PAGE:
All nature is governed by law, yet evolutionists stand in defiance of them. Their theory is an outlaw theory. The truth is that evolutionary theory is a myth. God created everything; the evidence clearly points to it. This is science vs. evolution—a Creation-Evolution Encyclopedia, brought to you by Creation Science Facts.
CONTENTS: Scientists Speak about the Laws of Nature - 2
Evolutionary Theorists Defy the Second Law - Evolutionists declare their theory to be above the law
But Some Have Doubts - Are we daring enough to resist the laws of physics?
The Second Law Is an Impregnable Fortress - In reality, nothing created can overthrow this law
How Did Everything Get Wound up in the Beginning? - If the clock is running down, who wound it up to begin with?
God Must Stand Behind These Laws - Both laws point to God as the One who made everything.
This material is excerpted from the book, LAWS
OF NATURE VS. EVOLUTION. An asterisk ( * ) by a name indicates
that person is not known to be a creationist. Of over 4,000 quotations
in the books this Encyclopedia
is based on, only 164 statements are by creationists.
You will have a better understanding of the following statements by scientists if you will also read the web page, Laws of Nature vs. Evolution.
Evolutionists declare their theory to be above the law.
"This direction in evolution can thus also be characterized by an increase in complexity and independence of the environment."—*J.C. Lacey, Jr., and *D. Mullins, Jr., "Proteins and Nucleic Acids in Prebiotic Evolution," in Molecular Evolution: Prebiological and Biological (1972), p. 172.
"An ethical system that bases its premises on absolute pronouncements will not usually be acceptable to those who view human nature by evolutionary criteria."—*A.G. Motulaky, "Brave New World?" Science, Vol. 185, August 23, 1974, p. 654.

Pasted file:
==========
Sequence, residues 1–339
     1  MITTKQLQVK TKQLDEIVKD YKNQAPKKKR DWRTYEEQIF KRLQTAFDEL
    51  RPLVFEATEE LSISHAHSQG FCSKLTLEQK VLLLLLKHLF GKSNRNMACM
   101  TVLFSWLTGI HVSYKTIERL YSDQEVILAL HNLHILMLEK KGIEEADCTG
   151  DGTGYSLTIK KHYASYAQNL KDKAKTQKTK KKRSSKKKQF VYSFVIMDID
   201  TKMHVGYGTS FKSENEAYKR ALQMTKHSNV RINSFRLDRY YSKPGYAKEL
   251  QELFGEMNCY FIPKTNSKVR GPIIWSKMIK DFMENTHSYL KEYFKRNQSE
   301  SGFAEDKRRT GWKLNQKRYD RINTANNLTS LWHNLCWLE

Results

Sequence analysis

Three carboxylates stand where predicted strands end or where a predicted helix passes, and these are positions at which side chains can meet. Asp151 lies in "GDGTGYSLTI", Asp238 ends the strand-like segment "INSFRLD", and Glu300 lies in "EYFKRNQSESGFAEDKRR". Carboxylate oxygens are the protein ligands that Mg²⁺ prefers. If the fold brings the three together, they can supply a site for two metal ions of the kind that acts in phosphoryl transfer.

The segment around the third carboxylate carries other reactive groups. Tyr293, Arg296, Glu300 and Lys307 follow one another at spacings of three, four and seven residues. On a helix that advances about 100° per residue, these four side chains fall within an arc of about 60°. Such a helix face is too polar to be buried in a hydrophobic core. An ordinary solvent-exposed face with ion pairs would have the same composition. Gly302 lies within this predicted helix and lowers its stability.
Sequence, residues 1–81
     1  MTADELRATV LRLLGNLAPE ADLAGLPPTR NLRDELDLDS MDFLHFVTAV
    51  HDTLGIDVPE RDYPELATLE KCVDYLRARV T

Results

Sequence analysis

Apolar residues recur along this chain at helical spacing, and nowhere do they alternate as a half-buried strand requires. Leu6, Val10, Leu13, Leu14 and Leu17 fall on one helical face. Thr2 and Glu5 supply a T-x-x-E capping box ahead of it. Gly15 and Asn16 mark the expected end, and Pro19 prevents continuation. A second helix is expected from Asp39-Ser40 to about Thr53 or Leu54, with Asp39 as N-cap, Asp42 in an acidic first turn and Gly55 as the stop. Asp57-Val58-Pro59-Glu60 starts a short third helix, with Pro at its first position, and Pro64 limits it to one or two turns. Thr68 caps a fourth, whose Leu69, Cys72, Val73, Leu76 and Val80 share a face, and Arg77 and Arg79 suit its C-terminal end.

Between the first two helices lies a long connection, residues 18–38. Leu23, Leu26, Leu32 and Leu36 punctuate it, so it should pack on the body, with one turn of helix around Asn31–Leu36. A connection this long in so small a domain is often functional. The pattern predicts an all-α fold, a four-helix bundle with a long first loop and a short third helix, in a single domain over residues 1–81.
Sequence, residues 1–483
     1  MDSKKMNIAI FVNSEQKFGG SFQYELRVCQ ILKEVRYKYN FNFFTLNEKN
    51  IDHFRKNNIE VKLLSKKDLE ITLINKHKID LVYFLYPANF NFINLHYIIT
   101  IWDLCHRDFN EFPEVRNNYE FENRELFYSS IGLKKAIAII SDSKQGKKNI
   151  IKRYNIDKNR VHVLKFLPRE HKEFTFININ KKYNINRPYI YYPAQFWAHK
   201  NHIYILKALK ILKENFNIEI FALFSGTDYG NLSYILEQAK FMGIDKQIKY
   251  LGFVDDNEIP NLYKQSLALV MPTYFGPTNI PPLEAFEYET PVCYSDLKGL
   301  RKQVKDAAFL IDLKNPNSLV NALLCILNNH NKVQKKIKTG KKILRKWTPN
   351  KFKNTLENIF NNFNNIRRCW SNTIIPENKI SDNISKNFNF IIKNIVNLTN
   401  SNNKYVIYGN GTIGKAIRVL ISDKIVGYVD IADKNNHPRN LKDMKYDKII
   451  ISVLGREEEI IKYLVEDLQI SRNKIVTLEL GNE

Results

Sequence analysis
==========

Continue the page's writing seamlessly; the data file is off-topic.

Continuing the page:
"Does our time scale, then, partake of natural law? No."—*Edmund M. Spieker, "Mountain-Building Chronology and Nature of Geological Time Scale," in Bulletin of the American Association of Petroleum Geologists, Vol. 40, August, p. 1803.
"Our theory of evolution has become . . one which cannot be refuted by any possible observation. Every conceivable observation can be fitted into it. It is thus `outside of empirical science' but not necessarily false. No one can think of ways in which to test it. Ideas, either without basis or based on a few laboratory experiments carried out in extremely simplified systems have attained currency far beyond their validly. They have become part of an evolutionary dogma accepted by most of us as part of our training."—*P. Erlich and *L.C. Birch, "Evolutionary History and Population Biology," Nature, Vol. 214, April 22, 1967, p. 352.
"Most enlightened persons now accept as a fact that everything in the cosmos—from heavenly bodies to human beings—has developed through evolutionary processes."—*Rene Dubos, "Humanistic Biology," in American Scientist, 53 (1965), p. 6.
"A recent suggestion is that for the universe considered as a whole, the law of entropy increase is brought to a standstill by the `continuous creation' of matter. The hypothesis of `continuous creation' has in fact been introduced in the attempt to neutralize the law of entropy trend of the cosmic scales."—*A.R. Ubbelohde, Man and Energy, p. 177.
"Evolution is the doctrine of the universe, including inorganic and organic matter in all its manifestations, and is the product of gradual and progressive development."—*E. Olsen and *J. Robinson, Concepts of Evolution (1975), p. 10.
"The evolution of life is an anti-entropic process, running counter to the second law of thermodynamics with its degradation of energy and its tendency to uniformity."—*Julian Huxley, Introduction, Teilhard de Chardin, Phenomenon of Man (1959), p. 27.
Are we daring enough to resist the laws of physics?
"But an answer can readily be given to the question, `Has the second law of thermodynamics been circumvented?' Not Yet."—*Frank A. Greco, "On the Second Law of Thermodynamics," in American Laboratory, October 1982, p. 88.
"One problem biologists have faced is the apparent contradiction by evolution of the second law of thermodynamics. Systems should decay through time, giving less, not more order."—*Roger Lewin, "A Downward Slope to Greater Diversity," in Science, September 24, 1982, p. 1239.
"We believe that evolution somehow magically creates greater overall value and order on earth. Now that the environment we live in is becoming so dissipated and disordered that it is apparent to the naked eye, we are beginning for the first time to have second thoughts about our views on evolution, progress, and the creation of things of material value . . Evolution means the creation of larger and larger islands of order at the expense of the ever greater seas of disorder in the world."—*Jeremy Rifkin, Entropy: A New World View (1980), p. 55.